************ Sermon on 2 Corinthians 5:20b - 6:2 ************


By: Rev. Adrian Dieleman


This sermon was preached on July 26, 2011


2 Corinthians 5:20b - 6:2
"Jesus Loves Me"
Funeral for Jane Walker McCutcheon

One of Jane's favorite songs, a song she sang over and over again, was "Jesus Loves Me." This wasn't just a nice tune or familiar words to Jane. This was a song that touched her heart.

Why did Jane sing this song? Because Jane knew something about herself. And, because Jane knew something about God.

What did Jane know about herself? She knew she was an enemy of God. She knew that because of sin she was out of fellowship with God. To use the word of our Scripture reading, she knew she needed to be "reconciled" to God.

Jane is not the only one who needs to be reconciled to God. The Bible teaches that, because of sin, every person is an enemy of God. There are no exceptions. Every person is a sinner. Therefore, every person is estranged from God.

We see proof of this every single day. We see proof of this all around us:
Every 3 seconds - One property crime occurs.
Every 5 seconds - One larceny-theft occurs.
Every 14 seconds - One burglary occurs.
Every 22 seconds - One violent crime occurs.
Every 26 seconds - One motor vehicle theft occurs.
Every 37 seconds - One aggravated assault occurs.
Every 60 seconds - One robbery occurs.
Every 6 minutes - One forcible rape occurs.
Every 31 minutes - One murder occurs.
These statistics are just for the United States.

Don't think, for a minute, this means only criminals are sinners. Don't think, for a minute, this means you are a "good" person if you do none of these crimes. For what does the Bible say?
(Rom 3:10-12) "There is no one righteous, not even one; (11) there is no one who understands, no one who seeks God. (12) All have turned away, they have together become worthless; there is no one who does good, not even one."
I repeat what I already said: every person is a sinner and every person is estranged from God. We are born that way. Which is why we don't need to teach children how to lie, fight, get angry, be selfish, and so on. Children need to be taught all sorts of things but one thing they don't need to be taught is how to sin. It comes naturally to them because they are born sinners.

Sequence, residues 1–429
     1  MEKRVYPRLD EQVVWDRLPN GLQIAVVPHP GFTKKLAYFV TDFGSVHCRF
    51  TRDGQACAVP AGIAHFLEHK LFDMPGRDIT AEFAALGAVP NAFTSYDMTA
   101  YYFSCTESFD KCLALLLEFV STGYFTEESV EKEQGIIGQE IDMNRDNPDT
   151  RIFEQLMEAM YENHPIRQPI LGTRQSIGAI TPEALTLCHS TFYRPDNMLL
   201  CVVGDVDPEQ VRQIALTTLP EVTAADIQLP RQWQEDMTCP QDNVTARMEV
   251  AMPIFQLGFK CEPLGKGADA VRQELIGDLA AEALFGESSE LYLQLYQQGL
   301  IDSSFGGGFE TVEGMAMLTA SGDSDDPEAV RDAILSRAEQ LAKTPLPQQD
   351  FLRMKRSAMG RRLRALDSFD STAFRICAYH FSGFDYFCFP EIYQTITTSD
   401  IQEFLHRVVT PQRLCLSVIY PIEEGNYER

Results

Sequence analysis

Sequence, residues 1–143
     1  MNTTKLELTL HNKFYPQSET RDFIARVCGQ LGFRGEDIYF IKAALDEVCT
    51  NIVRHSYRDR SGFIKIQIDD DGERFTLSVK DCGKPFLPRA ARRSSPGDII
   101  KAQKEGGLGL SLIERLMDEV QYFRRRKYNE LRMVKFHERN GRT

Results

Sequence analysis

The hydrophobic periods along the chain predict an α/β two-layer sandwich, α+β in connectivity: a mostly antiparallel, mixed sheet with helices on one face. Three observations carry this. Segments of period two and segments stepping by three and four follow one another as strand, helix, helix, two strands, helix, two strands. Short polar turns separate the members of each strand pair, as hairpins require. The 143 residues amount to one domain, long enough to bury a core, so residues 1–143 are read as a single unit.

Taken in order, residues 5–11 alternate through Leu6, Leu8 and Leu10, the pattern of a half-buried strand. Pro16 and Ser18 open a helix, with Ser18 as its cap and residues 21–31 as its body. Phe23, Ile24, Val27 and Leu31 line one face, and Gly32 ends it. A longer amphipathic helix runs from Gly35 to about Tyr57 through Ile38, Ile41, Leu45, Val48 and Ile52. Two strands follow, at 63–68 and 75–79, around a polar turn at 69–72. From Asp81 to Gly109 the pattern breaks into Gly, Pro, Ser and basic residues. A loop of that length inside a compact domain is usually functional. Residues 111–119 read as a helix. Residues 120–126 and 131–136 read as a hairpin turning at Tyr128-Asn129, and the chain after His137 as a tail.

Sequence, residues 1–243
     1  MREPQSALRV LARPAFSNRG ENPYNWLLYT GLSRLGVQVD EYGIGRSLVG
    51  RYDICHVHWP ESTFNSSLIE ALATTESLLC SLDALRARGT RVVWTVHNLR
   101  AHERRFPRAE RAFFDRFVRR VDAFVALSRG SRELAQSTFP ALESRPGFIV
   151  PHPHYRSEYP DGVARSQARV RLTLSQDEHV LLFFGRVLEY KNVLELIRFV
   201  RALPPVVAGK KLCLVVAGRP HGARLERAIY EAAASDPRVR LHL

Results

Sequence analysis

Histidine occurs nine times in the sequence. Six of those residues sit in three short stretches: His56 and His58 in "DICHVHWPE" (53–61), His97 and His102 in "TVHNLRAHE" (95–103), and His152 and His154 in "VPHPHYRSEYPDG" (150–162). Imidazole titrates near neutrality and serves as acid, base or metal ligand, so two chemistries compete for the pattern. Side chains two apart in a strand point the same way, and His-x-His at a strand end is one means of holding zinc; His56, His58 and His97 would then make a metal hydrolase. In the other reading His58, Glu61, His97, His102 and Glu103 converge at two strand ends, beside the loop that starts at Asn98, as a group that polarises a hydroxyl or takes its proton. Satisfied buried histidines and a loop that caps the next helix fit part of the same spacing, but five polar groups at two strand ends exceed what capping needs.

Jane knew she was a sinner. Jane knew she did not perfectly love God above all. Jane knew she did not love her neighbor as herself.

When there is no reconciliation in human relationships the result is divorce, single-parent homes, drugs, alcohol, run-away kids, the dissolution of a business partnership. When there is no reconciliation in man's relationship to God the result is worse, much worse: eternal punishment, the fires of hell, everlasting death. Paul says in verse 11, "we know what it is to fear the Lord" (2 Cor 5:11). With his Jewish upbringing and training as a Pharisee Paul knew all about the fires of God and the bowls of God's wrath. He knew that "It is a dreadful thing to fall into the hands of the living God" (Heb 10:31).

"Jesus Loves Me." Jane sang this song with joy and with amazement. Because Jesus loved her, a sinner. Because Jesus loved her, a sinner deserving eternal judgment and hell-fire.

"Jesus Loves Me." Jane sang this song because she also knew something about God. What did Jane know about God? According to our Scripture reading, "God made him who had no sin to be sin for us, so that in him we might become the righteousness of God" (2 Cor 5:21). This verse is talking about Jesus. This verse is talking about Jesus, Who from eternity is God. This verse is talking about Jesus, Who took to Himself a truly human nature.

This Jesus, Who is true God and true man, lived a sinless life on earth. Yet, when He died on the cross God treated Him as if He were the worst sinner ever. Even though He had not sinned against any of God's commandments, even though He kept all of them, and even though He continued to be sinless and perfect, nevertheless, without Him deserving it at all, God placed on Him the sin, the guilt, and the pollution of us all as if He always sinned and been a sinner, as if He had never been perfectly obedient.